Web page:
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Writing Wednesday: Terrible at Drawing Straight Lines

Riwenne had a dream where the moon goddess, Quilla, gave her the plans to a machine that could help them fight their newest enemy. But Riwenne is terrible at drawing straight lines, let alone a complex mechanical diagram. Will her sister Nexita be able to read the plans well enough to understand them? Or is there another way to help get the message to the team’s engineers?

Everyone Has the Plans

I brought the rough sketch with me down to breakfast in the morning and slid it across the table to Nexita. “Sorry, I’m terrible at drawing straight lines,” I said apologetically. “Or curved ones. Or whatever that squiggly thing is supposed to be.” I tapped a spot in the middle. “But Quilla wanted me to give it to you. I hope you can get something out of it?”

Nexita flipped a magnifying lens down over her spectacles and peered closer at the sketch. “I’m used to reading your handwriting, but this is something else. Is that supposed to be a crystal?” she asked, peering at me over the paper.

I shrugged. “No idea. This is the best I could do at two in the morning after a very chaotic dream.”

Amena was just coming into the room and she caught the end of my sentence. “You had another dream?” She hurried over, pulling something from her pocket. “I had one, too, and I’m supposed to give this to Nexita.” She dropped another sheet of paper on top of mine.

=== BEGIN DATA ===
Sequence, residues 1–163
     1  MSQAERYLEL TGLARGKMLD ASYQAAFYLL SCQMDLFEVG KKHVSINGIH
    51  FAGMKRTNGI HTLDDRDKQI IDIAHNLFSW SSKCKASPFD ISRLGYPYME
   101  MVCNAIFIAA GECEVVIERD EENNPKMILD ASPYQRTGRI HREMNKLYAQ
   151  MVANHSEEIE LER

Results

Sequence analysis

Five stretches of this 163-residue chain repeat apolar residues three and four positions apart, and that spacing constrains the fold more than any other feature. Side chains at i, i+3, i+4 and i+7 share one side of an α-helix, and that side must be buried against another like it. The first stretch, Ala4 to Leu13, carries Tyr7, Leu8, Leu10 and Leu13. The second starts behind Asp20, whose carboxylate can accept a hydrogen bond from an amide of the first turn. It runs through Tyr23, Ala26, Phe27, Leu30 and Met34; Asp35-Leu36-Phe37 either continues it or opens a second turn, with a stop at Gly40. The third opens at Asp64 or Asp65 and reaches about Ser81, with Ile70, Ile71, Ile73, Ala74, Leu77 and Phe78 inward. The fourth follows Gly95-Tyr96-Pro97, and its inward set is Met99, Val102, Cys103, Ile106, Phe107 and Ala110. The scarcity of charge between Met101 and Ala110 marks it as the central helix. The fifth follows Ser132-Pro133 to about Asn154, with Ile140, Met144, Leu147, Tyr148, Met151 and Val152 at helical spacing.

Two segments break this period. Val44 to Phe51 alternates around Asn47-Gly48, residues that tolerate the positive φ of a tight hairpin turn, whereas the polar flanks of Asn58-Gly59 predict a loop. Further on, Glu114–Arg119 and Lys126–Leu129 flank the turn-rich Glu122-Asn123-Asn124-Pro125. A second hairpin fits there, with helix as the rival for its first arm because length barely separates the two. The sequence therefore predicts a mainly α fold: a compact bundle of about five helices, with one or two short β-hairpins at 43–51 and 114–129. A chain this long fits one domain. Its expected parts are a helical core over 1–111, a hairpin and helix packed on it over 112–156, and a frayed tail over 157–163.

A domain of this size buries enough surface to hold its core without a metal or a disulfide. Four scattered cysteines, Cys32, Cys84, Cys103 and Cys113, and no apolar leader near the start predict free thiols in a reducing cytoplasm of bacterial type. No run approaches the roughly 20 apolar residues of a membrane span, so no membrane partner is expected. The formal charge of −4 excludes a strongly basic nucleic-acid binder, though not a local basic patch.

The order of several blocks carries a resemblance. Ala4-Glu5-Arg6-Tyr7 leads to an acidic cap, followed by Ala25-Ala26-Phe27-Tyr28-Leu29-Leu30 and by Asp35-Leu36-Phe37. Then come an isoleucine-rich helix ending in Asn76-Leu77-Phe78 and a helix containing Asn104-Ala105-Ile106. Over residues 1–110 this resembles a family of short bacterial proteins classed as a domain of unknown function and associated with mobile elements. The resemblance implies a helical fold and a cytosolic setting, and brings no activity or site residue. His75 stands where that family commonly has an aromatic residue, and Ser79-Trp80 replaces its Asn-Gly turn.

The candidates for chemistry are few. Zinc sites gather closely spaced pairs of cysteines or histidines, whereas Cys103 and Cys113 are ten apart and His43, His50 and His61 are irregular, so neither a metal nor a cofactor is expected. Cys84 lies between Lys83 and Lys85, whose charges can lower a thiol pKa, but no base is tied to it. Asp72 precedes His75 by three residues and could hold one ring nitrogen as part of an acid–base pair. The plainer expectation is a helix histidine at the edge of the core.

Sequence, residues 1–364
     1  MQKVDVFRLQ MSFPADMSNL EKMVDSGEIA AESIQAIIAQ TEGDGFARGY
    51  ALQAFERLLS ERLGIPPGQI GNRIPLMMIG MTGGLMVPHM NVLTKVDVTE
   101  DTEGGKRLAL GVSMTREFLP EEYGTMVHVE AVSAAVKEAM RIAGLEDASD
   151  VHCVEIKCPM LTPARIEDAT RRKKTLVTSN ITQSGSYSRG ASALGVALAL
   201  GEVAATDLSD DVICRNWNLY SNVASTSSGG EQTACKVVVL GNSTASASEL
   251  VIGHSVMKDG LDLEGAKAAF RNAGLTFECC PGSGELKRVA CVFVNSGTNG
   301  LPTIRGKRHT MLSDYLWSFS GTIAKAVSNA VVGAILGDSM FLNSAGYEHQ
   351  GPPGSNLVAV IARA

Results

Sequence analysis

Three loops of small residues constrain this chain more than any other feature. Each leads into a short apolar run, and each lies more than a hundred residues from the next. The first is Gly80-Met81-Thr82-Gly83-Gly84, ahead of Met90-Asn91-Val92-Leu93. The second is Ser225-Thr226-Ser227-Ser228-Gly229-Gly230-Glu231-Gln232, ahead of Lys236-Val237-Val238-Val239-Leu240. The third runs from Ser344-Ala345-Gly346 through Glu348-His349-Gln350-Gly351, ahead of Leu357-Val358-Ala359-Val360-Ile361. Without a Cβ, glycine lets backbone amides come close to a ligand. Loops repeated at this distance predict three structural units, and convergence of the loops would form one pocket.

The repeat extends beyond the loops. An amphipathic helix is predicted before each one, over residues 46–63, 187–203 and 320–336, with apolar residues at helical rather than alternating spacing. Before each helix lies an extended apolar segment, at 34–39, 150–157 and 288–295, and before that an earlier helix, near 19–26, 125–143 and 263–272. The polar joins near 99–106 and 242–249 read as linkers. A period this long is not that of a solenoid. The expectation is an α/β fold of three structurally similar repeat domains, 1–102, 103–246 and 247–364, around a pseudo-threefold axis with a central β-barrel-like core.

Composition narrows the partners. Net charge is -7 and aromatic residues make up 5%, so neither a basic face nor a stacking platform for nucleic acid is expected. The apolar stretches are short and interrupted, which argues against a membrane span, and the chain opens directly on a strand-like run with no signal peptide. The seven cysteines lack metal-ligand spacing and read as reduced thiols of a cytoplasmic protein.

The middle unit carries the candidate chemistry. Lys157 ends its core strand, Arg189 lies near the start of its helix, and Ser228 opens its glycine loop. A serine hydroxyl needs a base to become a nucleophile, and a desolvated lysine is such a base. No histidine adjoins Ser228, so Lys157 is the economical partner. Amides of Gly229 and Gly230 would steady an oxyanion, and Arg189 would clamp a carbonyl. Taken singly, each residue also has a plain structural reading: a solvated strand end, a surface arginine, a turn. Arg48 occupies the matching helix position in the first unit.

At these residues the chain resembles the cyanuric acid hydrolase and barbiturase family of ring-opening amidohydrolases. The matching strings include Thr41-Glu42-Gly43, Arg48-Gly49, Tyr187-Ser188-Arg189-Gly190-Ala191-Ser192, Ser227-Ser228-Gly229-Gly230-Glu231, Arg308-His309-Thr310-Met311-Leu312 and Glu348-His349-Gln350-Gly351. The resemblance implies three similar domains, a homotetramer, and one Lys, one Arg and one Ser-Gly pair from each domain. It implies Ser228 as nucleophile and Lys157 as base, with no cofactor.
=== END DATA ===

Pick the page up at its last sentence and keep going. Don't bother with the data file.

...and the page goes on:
Nexita’s eyes widened. “Oh, this is much clearer, thank you.” She glanced back and forth between the two drawings, then looked up at us in surprise. “Is this the same thing? But what is it?”

Amena shrugged. “I didn’t get much explanation. Qachmy said she was passing on a message from Quilla because she didn’t have any faith in Riwenne’s drawing abilities.” She leaned over to compare the drawings. “I think it’s the same, though. Look, we both got that crystal in the middle, except mine doesn’t look like it’s been run over by a train.”

“Ha, ha,” I said, but I didn’t care much about what anyone thought of my messy drawing. The important thing was that Nexita understood. “Quilla said your trap for Huamani was a good idea, but it needed more power. She gave me these plans to help you modify the original.”

Nexita frowned and pulled out her notebook. “The one we made to stop Huamani when she became a demigoddess?” She flipped through the pages. “I don’t have the original trap, since it was part of the old timeline. But my notes came with us when we went through the doorway.” She opened to her plans for the trap. “Oh, yes, now I see the resemblance. These are some interesting suggestions. Hey, take a look at this,” she said, turning toward Deryt who was halfway down the table.

Deryt dropped the food he was eating and scooted closer. “Hm. It’s a start.” He tapped the squiggly thing. “But what’s that?”

Nexita squinted. “I can’t really tell.” She looked up at Amena and me. “You don’t remember anything else?”

Amena shook her head. “Only that Huamani is coming back as a demigoddess again. We have to do something different this time.”

My friends went still. They all looked at me with a mixture of fear and confusion.

“It’s happening again?” Janera said in a shaky voice. “So everything we did doesn’t mean anything?”


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